Chapter Forty-Four: A Kiss And Some CoffeeCaptured French warship Effrayant, site of up-time Poste de Flacq, Mauritius

The kiss ended delicately, its initial passion consumed and resolved into a lingering sweetness as their lips reluctantly broke contact. Pam blinked at Torbjörn's smiling eyes. She was trembling, excited, happy, and half-frightened out of her wits. Did I do it right? It's been so long! Her mind raced, feeling an echo of youthful panic. He held her a moment longer to give her a reassuring squeeze, an unspoken "Yes, that was a good kiss. I wanted it, too." Pam started a garbled apology for being so forward, but Torbjörn gently shushed her.

"Don't fret, lovely Pam, don't question this moment. We have much to talk about, and there will be time. For now I know we all have a great deal of work to do, much of it sad. Go lead your people, they need you. I will be here with the bosun, at your service when you want me. " He looked at her, checking to see if she was really going to be all right.

She laughed shyly and nodded, grateful for his tender encouragement.

"All right then, my captain! See you later." His smile was bright, stunning.

Pam squeezed him back before releasing him, and then laughed, a happy sound in the morning breeze.

"All right, then. I'll see you later. Count on it." She favored him with a very big smile, a stunner she saved only for special occasions, and the stopping power of it made him laugh, too.

"I shall be counting the minutes." The tall Swedish captain of lost Redbird, recently resurrected from the roll-call of the dead, bowed and strode over to the far side of the warship to join the bosun, who, once the kissing had started, had found some critical flaw in the warship's rigging that needed his utmost attention.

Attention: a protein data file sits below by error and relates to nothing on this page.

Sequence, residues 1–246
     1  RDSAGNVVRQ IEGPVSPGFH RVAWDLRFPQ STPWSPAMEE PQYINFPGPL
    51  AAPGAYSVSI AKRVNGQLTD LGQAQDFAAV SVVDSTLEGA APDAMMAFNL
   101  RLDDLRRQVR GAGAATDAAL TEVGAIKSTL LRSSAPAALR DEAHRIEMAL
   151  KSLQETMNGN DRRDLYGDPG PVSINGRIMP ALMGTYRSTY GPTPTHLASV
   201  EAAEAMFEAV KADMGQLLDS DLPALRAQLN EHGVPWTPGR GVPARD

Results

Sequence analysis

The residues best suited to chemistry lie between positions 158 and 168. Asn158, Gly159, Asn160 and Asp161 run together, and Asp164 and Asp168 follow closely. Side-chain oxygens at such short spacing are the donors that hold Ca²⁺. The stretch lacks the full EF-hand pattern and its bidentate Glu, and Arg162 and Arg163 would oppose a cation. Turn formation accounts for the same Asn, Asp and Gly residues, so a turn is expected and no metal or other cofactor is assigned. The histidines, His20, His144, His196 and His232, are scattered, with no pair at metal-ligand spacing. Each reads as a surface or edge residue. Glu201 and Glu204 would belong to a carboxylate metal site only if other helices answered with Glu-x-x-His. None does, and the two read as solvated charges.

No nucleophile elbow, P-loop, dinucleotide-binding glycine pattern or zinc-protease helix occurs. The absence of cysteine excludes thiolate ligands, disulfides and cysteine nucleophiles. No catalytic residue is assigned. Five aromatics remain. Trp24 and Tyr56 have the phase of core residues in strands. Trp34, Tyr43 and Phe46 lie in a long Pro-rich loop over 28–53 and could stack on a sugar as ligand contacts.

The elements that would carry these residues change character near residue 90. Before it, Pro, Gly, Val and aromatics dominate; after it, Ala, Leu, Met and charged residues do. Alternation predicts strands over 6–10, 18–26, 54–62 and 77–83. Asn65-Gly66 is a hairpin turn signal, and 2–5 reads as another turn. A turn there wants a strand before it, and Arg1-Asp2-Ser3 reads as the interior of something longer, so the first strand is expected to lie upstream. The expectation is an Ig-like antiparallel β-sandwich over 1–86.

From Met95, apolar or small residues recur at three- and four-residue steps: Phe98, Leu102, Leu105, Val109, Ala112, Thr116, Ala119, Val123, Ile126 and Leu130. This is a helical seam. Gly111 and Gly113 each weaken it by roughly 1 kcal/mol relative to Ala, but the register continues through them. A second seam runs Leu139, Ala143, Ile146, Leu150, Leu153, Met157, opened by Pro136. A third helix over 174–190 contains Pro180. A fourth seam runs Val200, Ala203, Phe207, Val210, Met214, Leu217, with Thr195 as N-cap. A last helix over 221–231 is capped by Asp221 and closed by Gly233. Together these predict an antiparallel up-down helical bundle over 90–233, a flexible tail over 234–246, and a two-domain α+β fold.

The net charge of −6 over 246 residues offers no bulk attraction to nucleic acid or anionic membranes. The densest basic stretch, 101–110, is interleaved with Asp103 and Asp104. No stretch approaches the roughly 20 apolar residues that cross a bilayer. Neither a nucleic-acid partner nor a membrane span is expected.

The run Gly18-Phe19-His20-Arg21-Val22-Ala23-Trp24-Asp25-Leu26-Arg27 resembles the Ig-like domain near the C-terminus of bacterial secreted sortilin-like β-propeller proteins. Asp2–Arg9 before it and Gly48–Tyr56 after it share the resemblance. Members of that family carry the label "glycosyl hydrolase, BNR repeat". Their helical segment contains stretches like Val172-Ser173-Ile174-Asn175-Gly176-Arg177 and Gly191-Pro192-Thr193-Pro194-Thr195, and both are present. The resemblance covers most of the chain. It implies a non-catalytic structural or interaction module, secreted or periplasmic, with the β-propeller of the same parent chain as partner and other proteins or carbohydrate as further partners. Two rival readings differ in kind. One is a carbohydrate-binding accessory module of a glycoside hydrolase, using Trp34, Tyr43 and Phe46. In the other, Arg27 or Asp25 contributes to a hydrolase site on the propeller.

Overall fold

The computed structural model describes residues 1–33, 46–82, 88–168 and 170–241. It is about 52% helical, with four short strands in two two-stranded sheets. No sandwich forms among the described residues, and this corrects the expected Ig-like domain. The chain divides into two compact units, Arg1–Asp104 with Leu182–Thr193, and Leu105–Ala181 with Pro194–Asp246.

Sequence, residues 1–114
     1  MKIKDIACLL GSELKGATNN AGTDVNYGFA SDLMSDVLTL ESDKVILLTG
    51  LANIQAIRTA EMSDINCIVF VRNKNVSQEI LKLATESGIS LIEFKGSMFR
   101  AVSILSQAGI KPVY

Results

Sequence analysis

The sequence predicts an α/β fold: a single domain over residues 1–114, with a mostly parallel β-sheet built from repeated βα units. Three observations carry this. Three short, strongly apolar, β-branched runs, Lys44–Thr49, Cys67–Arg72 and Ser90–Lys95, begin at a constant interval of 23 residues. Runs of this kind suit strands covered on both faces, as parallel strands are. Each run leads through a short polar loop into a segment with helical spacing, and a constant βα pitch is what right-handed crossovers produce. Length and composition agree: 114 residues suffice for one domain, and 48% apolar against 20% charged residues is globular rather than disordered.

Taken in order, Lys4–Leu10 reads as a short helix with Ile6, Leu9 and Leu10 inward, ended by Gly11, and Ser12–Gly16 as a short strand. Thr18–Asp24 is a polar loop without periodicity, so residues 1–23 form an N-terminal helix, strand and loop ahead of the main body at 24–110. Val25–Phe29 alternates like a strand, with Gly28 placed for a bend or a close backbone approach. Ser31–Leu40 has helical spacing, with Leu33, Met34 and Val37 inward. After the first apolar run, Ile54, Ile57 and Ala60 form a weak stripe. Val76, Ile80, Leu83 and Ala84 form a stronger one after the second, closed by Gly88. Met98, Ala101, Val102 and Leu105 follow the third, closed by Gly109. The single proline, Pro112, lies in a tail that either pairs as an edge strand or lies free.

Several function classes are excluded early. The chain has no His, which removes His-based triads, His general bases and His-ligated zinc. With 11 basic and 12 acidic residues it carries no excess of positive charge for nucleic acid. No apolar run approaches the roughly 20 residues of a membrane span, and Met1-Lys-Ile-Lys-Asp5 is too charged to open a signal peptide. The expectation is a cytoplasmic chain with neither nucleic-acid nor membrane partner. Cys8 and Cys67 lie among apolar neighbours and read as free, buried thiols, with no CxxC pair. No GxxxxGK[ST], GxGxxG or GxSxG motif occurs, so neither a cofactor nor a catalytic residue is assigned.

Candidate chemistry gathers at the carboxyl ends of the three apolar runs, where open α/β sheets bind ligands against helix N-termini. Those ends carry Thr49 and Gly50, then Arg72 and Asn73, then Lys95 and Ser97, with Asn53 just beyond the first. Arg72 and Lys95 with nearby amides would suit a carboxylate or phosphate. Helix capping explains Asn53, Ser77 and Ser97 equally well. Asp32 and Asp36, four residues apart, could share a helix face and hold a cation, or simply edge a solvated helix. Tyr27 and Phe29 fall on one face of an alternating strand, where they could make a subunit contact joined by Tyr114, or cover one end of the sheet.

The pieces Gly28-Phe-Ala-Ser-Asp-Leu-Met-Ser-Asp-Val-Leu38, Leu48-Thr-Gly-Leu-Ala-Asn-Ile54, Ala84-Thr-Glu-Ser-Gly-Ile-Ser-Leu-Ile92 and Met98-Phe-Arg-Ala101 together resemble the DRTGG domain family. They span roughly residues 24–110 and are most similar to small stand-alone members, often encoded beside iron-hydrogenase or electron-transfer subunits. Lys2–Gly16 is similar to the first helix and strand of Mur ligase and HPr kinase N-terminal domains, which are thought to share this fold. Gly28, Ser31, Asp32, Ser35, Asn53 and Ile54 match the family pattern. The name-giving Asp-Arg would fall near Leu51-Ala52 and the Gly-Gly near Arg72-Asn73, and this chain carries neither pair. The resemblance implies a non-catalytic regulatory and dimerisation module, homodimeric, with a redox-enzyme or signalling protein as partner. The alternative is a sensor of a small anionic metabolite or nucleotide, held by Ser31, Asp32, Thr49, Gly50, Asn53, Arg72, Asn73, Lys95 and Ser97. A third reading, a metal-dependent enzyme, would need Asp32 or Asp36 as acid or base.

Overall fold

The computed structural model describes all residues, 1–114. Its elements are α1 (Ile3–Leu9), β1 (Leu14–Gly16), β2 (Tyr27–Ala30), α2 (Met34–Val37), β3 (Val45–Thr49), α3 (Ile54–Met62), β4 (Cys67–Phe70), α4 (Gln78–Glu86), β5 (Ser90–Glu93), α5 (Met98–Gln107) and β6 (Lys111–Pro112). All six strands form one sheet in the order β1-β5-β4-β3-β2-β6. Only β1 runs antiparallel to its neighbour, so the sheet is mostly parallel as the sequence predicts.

Pam grinned as she watched them for a moment, then walked back down the gangplank to the dock. She would have skipped if she hadn't been afraid it would lead to a nasty fall. There were still bloodstains on the rough planks and she was reminded of the mayhem they had created just the day before. It already seemed as if a century had passed, as if it had all happened to someone else a long time ago, or maybe she had just read it in a book. It wasn't the first time that Pam had felt this way, and she doubted it would be the last. Was that really Pamela Grace Miller, failed housewife, obsessive bird-watcher, and dorky scientist, now out sailing around the Indian Ocean, kissing Swedish sea captains, ordering cannons fired, and sending men (and women, alas!) to their deaths?

She closed her eyes tightly and opened them again. Apparently it was, as she stared at the convincing bulk of the formerly French warship, Effrayant looming beside her, a powerful enemy ship that she had, she felt quite cleverly, engineered the capture of. If not for her crazy plans there would have been a much greater loss of life, and that comforted her somewhat. Still, too many friends had died. Another part of it was just dumb luck, she had since learned that the Effrayant had not been carrying a full complement of soldiers, and she intended to find out why. She took a long look at the vessel, admiring its majestic size and shark-like beauty. It was a killing machine, one of the deadliest this century had. It was by no means the largest kind of warship extant in the day, but this light frigate was well-armed, fast and deadly, more than a match for merchants and able to give the average enemy warship a good drubbing.

Pam had since learned that the name Effrayant meant "Fearsome," and it fit the beast. It had downed pretty Redbird without breaking a sweat and had beat poor Muskijl nearly to a pulp. She thought the appellation "Fearsome" probably applied to her too. It fit her well, in fact. "All in a bloody day's work for Captain Pam, she-devil of the southern seas," she mumbled, shaking her head in wonder at what strange fortunes had brought her to be at the center of events such as these. "Time travel," she muttered darkly. "Not recommended for the faint of heart. Check your expectations at the portal, and hang on to your sanity." Pam stalked off down the dock toward the flag ship of her growing fleet, the gaily painted Chinese junk they had dubbed Second Chance Bird, in search of that sure-fire slice of sanity only a good breakfast could provide.